Robot x Laserbeam 023-029 – Manga Review
Synopsis: Robato Hatohara is a strange young man who seems to show almost no emotion or care. But when Tomoya, his only friend, takes an interest in Golf, Robato begins to show his own interest and quite significant skill as he can do what most pros have a difficult time mastering: He can hit the ball perfectly straight with incredible range. Golf is about to get a whole lot more interesting.
Warning: Spoilers to Follow:
Diving into the last two months worth of Robot x Laserbeam chapters, there’s a lot to pick apart here. Firstly, the manga is doing awful in the Shonen rankings for the last several weeks. It’s coming in low and that normally means cancellation in the series future. But it was pointed out to me a few months ago that the first collected volume sold well, putting Robot x Laserbeam in a weird position. Will Jump keep it because of volume sales or junk it because it’s not lighting fire with its magazine readership?
I think a lot of Robot x Laserbeam’s troubles stem from its approach and its central conceit. Golf is, generally, a boring sport for younger audiences. Most kids have no interest, and while there’s many readers willing to give a story about golf a go still, there’s also many more who absolutely won’t. In an effort to perhaps suck regular shonen sports lovers in, our author keeps the story following an incredible trope ridden, formula specific path.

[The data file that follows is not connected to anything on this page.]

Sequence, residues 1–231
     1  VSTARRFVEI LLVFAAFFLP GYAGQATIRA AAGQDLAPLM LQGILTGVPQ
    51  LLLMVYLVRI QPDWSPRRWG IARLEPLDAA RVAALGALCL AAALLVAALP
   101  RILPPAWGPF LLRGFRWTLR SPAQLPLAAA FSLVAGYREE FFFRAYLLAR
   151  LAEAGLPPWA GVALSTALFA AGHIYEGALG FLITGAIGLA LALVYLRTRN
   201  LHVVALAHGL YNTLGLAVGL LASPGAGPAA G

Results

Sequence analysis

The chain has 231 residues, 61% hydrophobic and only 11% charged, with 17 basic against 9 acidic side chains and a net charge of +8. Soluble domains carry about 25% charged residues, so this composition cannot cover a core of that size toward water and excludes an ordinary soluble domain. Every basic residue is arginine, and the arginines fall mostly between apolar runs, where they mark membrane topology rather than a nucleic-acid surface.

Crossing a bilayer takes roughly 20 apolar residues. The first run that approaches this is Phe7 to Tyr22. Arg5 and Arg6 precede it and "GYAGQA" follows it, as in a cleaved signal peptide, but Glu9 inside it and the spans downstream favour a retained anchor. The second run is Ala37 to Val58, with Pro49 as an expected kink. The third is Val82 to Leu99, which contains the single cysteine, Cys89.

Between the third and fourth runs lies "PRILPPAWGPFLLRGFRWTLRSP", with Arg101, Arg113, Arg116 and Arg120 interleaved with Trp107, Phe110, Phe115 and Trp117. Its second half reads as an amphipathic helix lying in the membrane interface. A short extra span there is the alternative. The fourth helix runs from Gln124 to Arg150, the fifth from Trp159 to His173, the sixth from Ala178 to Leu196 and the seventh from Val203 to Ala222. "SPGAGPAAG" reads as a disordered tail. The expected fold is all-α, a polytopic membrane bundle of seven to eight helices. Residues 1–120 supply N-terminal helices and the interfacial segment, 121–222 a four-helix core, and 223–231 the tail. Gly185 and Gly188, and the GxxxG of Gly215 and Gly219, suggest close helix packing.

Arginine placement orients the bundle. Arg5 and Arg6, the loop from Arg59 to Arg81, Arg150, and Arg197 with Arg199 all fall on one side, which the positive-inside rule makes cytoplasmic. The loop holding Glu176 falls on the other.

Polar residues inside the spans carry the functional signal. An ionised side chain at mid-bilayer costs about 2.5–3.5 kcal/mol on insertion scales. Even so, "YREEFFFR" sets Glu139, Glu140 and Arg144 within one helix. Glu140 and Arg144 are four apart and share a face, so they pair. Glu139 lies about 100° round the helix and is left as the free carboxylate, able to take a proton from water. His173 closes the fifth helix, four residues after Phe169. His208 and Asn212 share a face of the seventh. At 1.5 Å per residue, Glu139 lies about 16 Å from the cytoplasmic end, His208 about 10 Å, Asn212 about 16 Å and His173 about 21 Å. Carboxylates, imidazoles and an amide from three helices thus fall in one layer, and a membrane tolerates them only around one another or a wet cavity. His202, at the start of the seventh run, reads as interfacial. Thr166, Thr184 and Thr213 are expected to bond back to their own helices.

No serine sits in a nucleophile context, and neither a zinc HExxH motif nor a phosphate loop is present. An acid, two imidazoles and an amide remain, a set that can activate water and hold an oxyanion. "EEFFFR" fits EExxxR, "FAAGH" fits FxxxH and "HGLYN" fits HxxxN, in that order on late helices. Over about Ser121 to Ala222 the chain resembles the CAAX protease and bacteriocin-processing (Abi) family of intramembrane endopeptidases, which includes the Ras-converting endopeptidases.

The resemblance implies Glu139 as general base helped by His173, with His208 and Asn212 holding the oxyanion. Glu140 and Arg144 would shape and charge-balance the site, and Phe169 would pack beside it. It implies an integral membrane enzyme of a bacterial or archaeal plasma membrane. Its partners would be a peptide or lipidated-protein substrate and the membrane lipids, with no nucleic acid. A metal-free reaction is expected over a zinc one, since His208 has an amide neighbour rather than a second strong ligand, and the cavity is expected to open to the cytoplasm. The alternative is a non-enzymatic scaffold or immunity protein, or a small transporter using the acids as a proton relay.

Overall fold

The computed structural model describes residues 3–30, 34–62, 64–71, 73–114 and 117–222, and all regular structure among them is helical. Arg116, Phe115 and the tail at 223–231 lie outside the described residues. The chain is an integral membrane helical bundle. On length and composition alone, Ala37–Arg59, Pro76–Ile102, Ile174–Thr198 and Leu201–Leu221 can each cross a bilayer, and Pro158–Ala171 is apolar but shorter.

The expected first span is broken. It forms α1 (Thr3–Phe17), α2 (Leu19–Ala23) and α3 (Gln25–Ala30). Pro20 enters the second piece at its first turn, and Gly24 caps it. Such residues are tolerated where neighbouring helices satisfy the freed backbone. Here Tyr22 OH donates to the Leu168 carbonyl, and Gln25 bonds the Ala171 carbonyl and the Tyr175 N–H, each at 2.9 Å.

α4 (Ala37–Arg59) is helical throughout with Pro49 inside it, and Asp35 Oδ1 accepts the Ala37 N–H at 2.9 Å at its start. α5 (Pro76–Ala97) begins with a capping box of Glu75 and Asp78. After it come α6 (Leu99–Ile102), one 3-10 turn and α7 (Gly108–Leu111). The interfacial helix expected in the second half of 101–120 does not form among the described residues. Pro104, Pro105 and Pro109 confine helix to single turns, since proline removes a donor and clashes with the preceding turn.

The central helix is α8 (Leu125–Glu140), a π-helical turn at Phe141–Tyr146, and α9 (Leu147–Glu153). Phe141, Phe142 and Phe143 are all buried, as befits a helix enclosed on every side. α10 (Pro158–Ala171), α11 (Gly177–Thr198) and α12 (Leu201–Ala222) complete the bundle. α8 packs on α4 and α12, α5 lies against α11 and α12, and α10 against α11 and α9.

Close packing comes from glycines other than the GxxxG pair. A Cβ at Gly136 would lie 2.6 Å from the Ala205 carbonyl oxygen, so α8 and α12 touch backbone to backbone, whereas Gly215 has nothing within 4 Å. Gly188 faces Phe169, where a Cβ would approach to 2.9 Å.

It’s something I talked about early on, but Robot x Laserbeam continues to strongly adhere to formula, even if it’s rushed ahead at times to try and grab it’s struggling magazine readership. Even here in Chapters 23-26, the conclusion of the Tohoku vs Eiai arc, things feel pretty safe and married to its formula.
Classically our heroes are on the ropes, but manage to tie it up in the final moments and our hero, Robo, pulls his score up at the last minute and secures a seemingly impossible win. It’s formulaic right from it’s build up of the villains, to their surprise failure against our underdogs. It’s predictable, but that doesn’t necessarily mean it isn’t enjoyable. And I think that’s why the author has been so stringent in his usage of formula, in hopes that that adherence would suck in less enamored readers.
The problem is I think that’s backfired for the magazine readership in Japan. Instead of pulling them in with the archetypes they know and love, the twists and turns they’ve seen before, it’s acting as repellent. Why read about a sport you don’t much care for when you can get a lot of the same elements in a story for a sport you do like? It’s unfortunate seeing as Robot x Laserbeam offers great art, and tight storytelling, making it a shame it edges ever closer to the bottom of the rankings and, I imagine, ultimately cancellation.
As the narrative goes Robo manages to clinch a win for his team and the face off ends with Eiai Academy getting a solid victory over Tohoku. We switch gears pretty quick, pulling far and away from the high school setting and focusing on pushing Robo towards the professional game.